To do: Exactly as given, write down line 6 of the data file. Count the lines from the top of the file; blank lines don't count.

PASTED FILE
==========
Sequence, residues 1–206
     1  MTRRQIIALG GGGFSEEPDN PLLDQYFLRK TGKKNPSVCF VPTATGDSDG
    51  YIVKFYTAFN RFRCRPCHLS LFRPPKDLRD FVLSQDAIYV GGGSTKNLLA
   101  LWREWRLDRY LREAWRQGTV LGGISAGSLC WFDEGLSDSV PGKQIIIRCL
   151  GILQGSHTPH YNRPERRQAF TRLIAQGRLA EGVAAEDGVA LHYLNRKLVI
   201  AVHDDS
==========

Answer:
   201  AVHDDS